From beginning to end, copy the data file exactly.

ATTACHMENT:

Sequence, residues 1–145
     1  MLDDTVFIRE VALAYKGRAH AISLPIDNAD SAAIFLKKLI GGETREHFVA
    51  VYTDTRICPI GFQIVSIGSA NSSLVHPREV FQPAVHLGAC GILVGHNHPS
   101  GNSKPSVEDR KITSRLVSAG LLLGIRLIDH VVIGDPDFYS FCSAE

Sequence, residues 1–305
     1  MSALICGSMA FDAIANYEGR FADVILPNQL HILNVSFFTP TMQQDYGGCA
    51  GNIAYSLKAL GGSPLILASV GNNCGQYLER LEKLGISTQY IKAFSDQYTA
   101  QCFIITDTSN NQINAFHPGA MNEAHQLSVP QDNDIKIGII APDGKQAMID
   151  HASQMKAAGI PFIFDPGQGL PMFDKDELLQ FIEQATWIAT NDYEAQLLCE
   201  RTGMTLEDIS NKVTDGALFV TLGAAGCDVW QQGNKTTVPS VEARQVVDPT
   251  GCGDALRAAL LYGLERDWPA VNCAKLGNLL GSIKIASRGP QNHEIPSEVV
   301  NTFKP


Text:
Sequence, residues 1–145
     1  MLDDTVFIRE VALAYKGRAH AISLPIDNAD SAAIFLKKLI GGETREHFVA
    51  VYTDTRICPI GFQIVSIGSA NSSLVHPREV FQPAVHLGAC GILVGHNHPS
   101  GNSKPSVEDR KITSRLVSAG LLLGIRLIDH VVIGDPDFYS FCSAE

Sequence, residues 1–305
     1  MSALICGSMA FDAIANYEGR FADVILPNQL HILNVSFFTP TMQQDYGGCA
    51  GNIAYSLKAL GGSPLILASV GNNCGQYLER LEKLGISTQY IKAFSDQYTA
   101  QCFIITDTSN NQINAFHPGA MNEAHQLSVP QDNDIKIGII APDGKQAMID
   151  HASQMKAAGI PFIFDPGQGL PMFDKDELLQ FIEQATWIAT NDYEAQLLCE
   201  RTGMTLEDIS NKVTDGALFV TLGAAGCDVW QQGNKTTVPS VEARQVVDPT
   251  GCGDALRAAL LYGLERDWPA VNCAKLGNLL GSIKIASRGP QNHEIPSEVV
   301  NTFKP